|This weekly bulletin insert complements the curriculum published by the Department of Christian Education of the Orthodox Church in America. This and many other Christian Education resources are available at http://dce.oca.org.|
Some years ago, the Chilean writer Isabel Allende included, in one of her books, a reference to the pillar-dwelling saints known as stylites. She described them as squandering their lives, never speaking, and sitting always in the same position, unbathed and covered with sores. She added that credulous believers admired this "spectacle" which "supposedly" pleased God.
It's hard to know why a person would criticize something she clearly doesn't understand. But she is not alone. There are many who would dismiss the stylites as strange, and wonder why the Church honors them. It is for us to learn more about what they did and what they can teach us.
A good person to start with is the first and best-known stylite, Simeon. We know more about this Syrian monk from his disciples than from the man himself, for he left no writings. He never disclosed his reasons or intentions in climbing the pillar. But according to the book "The Lives of the Stylites", translated and edited by Robert Doran, he did a great deal for others.
It's unlikely that Simeon set out to attract other people. He only wanted to live a life of prayerful worship in closeness to God. But because he lived that life so well and so authentically, others were drawn to him. It is similar to the way people were drawn to saints like Anthony and Syncletica, who left the crowded world in order to live in quiet prayer. They did not seek followers, but God sent them anyway.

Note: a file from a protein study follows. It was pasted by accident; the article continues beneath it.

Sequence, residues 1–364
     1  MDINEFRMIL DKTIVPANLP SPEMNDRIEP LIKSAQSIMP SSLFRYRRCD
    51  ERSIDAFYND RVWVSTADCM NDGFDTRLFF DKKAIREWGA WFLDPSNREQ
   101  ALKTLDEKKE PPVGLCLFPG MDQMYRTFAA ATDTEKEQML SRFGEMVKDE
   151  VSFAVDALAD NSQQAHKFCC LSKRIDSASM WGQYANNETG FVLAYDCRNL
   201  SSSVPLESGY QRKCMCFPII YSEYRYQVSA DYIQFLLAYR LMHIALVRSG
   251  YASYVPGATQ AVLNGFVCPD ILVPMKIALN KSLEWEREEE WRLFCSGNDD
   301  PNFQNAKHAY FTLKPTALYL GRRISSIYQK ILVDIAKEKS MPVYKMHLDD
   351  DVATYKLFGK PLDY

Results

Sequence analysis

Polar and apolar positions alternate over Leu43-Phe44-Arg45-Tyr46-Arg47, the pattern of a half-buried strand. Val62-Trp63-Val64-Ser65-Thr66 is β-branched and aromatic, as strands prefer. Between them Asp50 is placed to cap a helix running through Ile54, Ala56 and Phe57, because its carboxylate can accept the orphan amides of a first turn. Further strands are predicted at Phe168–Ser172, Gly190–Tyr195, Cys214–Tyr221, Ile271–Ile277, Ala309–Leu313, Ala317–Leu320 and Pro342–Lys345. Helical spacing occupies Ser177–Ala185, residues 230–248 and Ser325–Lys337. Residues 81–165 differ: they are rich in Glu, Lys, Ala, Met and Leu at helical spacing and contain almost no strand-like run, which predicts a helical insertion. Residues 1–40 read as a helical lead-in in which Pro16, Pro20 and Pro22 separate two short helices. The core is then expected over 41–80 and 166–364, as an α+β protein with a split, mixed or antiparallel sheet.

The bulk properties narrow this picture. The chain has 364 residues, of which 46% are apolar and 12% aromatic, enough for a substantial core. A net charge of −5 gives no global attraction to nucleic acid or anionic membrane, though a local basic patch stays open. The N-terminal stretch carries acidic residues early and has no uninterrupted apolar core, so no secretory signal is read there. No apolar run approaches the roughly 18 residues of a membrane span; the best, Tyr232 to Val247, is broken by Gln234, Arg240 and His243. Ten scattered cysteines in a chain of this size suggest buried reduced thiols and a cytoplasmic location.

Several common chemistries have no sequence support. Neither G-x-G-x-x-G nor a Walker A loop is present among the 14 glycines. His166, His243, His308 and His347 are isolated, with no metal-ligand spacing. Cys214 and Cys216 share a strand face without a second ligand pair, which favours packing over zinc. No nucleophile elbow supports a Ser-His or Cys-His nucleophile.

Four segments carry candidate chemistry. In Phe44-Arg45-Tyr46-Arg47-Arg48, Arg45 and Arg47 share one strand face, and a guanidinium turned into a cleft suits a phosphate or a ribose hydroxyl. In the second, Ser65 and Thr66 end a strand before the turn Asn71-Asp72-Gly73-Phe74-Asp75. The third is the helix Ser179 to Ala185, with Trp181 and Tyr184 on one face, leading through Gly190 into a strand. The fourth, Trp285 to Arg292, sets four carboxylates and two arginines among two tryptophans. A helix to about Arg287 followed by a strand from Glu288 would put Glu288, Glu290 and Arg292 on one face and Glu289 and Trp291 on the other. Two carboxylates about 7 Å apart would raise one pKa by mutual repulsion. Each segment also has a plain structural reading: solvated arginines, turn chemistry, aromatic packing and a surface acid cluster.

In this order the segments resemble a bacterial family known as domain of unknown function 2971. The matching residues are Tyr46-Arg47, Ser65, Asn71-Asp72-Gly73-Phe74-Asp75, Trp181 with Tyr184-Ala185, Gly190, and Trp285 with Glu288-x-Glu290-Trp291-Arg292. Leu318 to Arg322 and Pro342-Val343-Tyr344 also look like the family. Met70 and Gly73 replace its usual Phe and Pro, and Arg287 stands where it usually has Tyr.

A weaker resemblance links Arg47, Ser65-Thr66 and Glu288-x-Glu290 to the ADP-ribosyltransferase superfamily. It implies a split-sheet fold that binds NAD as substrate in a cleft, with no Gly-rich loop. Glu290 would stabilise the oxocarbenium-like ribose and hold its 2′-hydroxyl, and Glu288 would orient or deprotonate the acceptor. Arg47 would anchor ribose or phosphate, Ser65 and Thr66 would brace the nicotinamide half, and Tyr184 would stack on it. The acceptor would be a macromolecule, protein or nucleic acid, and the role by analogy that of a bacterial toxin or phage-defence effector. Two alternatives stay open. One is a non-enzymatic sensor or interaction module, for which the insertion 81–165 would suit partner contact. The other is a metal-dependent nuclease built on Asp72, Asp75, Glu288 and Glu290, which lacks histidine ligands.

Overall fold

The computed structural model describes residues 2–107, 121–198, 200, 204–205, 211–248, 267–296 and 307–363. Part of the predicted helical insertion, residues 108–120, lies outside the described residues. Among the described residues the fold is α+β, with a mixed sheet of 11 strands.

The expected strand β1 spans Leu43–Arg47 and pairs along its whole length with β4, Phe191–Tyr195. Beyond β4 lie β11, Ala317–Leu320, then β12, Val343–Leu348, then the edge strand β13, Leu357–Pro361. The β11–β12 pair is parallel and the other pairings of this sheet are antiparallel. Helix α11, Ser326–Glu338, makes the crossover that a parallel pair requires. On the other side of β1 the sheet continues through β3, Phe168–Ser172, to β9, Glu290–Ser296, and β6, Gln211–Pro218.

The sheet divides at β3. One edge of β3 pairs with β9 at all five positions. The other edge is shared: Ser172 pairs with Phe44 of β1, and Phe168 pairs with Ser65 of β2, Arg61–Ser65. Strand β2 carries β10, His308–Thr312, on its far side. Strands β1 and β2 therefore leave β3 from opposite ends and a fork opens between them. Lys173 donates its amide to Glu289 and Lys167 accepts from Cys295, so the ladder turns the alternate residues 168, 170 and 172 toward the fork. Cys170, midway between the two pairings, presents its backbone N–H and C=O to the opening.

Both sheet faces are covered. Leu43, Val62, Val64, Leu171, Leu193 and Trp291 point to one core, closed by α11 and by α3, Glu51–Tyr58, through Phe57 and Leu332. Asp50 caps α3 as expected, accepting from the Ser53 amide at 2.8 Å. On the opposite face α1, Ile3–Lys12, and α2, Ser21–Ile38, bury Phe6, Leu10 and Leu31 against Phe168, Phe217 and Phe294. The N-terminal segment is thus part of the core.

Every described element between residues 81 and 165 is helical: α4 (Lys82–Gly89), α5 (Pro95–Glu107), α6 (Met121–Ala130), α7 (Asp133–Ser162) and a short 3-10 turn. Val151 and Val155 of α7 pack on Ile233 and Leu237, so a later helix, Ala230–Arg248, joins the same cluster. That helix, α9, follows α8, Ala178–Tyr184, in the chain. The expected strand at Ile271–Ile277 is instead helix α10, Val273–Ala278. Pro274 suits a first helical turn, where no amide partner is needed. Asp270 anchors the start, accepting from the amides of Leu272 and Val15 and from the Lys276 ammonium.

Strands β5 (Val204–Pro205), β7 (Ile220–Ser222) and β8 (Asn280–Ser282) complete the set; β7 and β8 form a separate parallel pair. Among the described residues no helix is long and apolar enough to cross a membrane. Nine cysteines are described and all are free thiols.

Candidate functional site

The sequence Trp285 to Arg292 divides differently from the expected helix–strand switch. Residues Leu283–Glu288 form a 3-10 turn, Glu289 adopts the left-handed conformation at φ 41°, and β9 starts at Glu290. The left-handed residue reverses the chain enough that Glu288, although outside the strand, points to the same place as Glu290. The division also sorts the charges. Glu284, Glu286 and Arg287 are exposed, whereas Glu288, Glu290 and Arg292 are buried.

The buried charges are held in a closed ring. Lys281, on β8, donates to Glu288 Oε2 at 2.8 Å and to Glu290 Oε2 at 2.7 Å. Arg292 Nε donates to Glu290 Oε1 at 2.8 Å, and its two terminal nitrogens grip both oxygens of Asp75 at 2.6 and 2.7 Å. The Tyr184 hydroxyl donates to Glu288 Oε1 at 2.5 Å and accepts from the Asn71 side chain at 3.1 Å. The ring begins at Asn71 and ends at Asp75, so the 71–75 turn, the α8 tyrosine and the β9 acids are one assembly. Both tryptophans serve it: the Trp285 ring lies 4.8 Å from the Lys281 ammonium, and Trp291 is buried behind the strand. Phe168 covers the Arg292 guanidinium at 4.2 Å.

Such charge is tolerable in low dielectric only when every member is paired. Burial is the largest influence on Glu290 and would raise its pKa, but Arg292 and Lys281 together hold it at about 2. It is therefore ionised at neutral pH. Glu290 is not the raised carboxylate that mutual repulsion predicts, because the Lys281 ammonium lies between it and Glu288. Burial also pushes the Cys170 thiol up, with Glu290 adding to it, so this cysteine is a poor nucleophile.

People came to Simeon's pillar for counseling and spiritual guidance, which he willingly gave. But he also healed ailments, settled disputes and dispensed justice. For example the book tells us that "when a poor cucumber farmer, the widowed father of children, found his field sabotaged by village bullies he came to Simeon, seeking not only help for his livelihood but justice for what he had suffered." Simeon freed slaves, tore up bonds of indebtedness, and helped orphans and widows. The word of his abilities and integrity spread far: "...they say that he became so well-known in the great city of Rome that small portraits of him were set up on columns at the entrance of every shop..."
Yet Simeon always retained the essential Christian quality of humility. For example, when he heard of the holy work of Saint Genevieve in Paris he entreated her to pray for him, acknowledging her spiritual eminence. And when his monastic superiors commanded him to leave the pillar, he did so at once, never questioning their judgment or arguing for the importance of continuing his ministry.
Simeon and his pillar stand as a reminder that there are many kinds of saints who did many kinds of service to God. Some people in the world may not "get" them, but He embraces them all.